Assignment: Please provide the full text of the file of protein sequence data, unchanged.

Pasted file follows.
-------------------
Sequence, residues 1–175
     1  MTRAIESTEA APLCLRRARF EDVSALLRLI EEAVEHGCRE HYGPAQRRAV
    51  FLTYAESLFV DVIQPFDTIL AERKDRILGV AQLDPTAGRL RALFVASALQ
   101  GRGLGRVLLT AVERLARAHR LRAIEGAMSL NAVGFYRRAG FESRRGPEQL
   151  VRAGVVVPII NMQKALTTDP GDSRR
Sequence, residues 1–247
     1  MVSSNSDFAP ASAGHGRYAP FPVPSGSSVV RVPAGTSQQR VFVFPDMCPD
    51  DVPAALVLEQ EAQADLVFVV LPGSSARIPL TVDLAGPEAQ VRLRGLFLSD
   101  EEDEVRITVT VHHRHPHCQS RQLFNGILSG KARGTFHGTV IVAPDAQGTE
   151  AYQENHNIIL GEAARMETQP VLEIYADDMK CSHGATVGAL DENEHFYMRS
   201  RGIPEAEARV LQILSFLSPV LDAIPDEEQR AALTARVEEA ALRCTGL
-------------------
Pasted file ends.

Sequence, residues 1–175
     1  MTRAIESTEA APLCLRRARF EDVSALLRLI EEAVEHGCRE HYGPAQRRAV
    51  FLTYAESLFV DVIQPFDTIL AERKDRILGV AQLDPTAGRL RALFVASALQ
   101  GRGLGRVLLT AVERLARAHR LRAIEGAMSL NAVGFYRRAG FESRRGPEQL
   151  VRAGVVVPII NMQKALTTDP GDSRR
Sequence, residues 1–247
     1  MVSSNSDFAP ASAGHGRYAP FPVPSGSSVV RVPAGTSQQR VFVFPDMCPD
    51  DVPAALVLEQ EAQADLVFVV LPGSSARIPL TVDLAGPEAQ VRLRGLFLSD
   101  EEDEVRITVT VHHRHPHCQS RQLFNGILSG KARGTFHGTV IVAPDAQGTE
   151  AYQENHNIIL GEAARMETQP VLEIYADDMK CSHGATVGAL DENEHFYMRS
   201  RGIPEAEARV LQILSFLSPV LDAIPDEEQR AALTARVEEA ALRCTGL